Sproule looked a bit disappointed, but nodded. "Guess I'd best be getting on, then." He chucked the oxen reins, and the beasts pulling the wagon slowly began to move.
As the wagon started up, Gael noticed, for the first time, that there was a girl walking just behind the wagon, on the other side. She was a skinny thing, clad practically in rags, her hair dirty and matted, and her face drawn and gaunt. Somehow, he felt that he ought to know who she was, but she certainly didn't look like anyone he'd ever seen.
"Sproule," he said, uncertainly.
Sproule stopped the wagon. "Yes, brother Gael?"
"Who's the girl?"
Sproule looked at the girl, then at Gael, a sly look transforming his face in a very unpleasant way.
"She's m' niece. My brother's whelp."
Gael remembered, now. There had been a girl, left orphaned when her parents died, and Sproule descended on his brother's property. It had been a very long time since he'd mixed with his neighbors, and he didn't recall what she looked like, or even whether he'd ever seen her, but the appalling state she was in spoke volumes about how much Sproule had neglected everything that he inherited.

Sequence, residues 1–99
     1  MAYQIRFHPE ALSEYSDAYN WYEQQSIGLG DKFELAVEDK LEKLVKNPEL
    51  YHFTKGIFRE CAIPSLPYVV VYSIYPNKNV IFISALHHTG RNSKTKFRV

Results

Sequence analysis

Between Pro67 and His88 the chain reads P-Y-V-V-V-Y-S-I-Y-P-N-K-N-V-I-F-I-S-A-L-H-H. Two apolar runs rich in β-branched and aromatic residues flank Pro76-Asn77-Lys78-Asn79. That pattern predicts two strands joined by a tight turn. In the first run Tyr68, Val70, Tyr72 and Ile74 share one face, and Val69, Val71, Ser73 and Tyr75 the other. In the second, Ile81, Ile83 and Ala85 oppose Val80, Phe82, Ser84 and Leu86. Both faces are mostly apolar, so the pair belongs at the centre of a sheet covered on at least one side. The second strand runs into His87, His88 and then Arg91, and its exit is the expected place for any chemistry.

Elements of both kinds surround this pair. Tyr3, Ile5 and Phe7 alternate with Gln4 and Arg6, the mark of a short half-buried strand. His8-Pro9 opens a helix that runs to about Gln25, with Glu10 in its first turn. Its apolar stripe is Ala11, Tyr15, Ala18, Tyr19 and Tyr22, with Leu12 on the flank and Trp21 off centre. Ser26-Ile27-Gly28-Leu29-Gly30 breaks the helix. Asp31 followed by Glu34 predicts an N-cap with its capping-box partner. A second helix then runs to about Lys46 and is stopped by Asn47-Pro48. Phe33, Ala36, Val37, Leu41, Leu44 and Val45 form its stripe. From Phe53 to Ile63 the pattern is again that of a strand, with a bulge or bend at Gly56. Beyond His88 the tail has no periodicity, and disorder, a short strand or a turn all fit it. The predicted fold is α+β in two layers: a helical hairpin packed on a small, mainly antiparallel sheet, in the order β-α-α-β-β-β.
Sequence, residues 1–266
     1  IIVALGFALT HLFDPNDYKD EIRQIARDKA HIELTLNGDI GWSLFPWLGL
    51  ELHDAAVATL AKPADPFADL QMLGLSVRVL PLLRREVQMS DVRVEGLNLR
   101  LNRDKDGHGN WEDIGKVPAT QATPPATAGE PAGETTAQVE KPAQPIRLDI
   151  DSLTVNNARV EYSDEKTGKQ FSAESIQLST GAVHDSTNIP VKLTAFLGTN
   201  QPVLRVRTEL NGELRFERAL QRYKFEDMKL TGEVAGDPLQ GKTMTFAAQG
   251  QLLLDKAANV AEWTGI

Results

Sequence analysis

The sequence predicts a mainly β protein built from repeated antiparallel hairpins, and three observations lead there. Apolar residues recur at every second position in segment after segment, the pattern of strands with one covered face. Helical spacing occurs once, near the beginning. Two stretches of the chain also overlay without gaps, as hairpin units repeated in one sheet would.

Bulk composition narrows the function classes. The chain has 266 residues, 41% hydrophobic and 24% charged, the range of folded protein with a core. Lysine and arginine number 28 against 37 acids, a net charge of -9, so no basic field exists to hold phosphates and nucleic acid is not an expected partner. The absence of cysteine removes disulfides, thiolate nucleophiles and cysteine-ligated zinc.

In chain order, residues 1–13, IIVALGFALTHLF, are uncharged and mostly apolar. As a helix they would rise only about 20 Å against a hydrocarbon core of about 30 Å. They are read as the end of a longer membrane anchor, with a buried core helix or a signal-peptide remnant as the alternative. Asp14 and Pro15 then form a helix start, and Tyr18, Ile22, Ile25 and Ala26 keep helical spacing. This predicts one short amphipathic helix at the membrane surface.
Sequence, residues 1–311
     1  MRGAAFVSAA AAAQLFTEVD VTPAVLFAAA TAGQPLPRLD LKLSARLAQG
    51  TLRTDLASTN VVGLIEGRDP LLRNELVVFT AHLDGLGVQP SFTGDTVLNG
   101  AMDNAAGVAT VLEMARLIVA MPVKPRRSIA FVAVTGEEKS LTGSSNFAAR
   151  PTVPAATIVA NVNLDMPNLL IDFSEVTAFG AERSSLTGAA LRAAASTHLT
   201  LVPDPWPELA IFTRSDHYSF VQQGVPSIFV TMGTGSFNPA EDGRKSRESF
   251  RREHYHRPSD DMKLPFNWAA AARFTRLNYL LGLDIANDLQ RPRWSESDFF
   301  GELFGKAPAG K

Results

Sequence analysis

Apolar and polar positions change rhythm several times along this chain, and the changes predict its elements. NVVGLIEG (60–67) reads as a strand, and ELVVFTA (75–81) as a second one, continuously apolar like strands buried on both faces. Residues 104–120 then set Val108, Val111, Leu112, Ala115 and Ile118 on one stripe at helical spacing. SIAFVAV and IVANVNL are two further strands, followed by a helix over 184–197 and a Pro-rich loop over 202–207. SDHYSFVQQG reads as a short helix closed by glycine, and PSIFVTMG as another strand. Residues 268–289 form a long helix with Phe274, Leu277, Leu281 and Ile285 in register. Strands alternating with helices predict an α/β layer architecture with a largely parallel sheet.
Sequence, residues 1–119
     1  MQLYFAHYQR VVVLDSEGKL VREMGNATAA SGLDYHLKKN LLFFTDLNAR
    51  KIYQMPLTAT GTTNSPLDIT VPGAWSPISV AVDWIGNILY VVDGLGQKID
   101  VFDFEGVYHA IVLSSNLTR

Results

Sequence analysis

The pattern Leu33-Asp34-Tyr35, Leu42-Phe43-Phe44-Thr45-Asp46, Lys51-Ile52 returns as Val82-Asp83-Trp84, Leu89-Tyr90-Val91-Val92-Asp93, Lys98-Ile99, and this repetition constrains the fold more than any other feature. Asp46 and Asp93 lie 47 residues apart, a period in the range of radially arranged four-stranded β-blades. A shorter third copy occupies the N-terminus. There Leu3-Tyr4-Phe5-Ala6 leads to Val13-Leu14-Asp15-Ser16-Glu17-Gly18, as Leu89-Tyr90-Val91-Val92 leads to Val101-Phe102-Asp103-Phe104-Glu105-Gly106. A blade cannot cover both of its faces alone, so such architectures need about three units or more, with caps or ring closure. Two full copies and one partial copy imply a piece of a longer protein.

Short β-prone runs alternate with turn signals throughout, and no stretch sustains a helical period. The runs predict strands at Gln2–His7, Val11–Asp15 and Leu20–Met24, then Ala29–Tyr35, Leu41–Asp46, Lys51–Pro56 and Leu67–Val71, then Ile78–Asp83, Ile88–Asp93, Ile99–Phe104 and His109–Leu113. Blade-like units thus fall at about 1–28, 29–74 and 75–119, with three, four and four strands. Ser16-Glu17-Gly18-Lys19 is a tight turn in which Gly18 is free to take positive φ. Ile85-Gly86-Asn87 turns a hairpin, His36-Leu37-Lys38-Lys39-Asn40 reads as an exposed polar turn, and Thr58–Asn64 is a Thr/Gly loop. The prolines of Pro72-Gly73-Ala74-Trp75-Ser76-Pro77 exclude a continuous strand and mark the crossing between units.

"She going to Donton with you?"
Sproule nodded. "If I can't sell her off somewhere else, first. She don't look like much, but she's a good worker. Make someone a nice maid or some such, once she's cleaned up a bit."
Gael was taken aback by the crass simplicity of the statement. The girl was his brother's child, for god's sake, and all the villain cared about was whether he could wring some coin out of her. He wouldn't even put it past him to take her all the way to Donton, and sell her into prostitution. Not that it was any of his business what people did with their things, or their relatives, but it pained him to see a young girl face such a future. A sudden impulse overcame him, and he casually nodded toward the girl.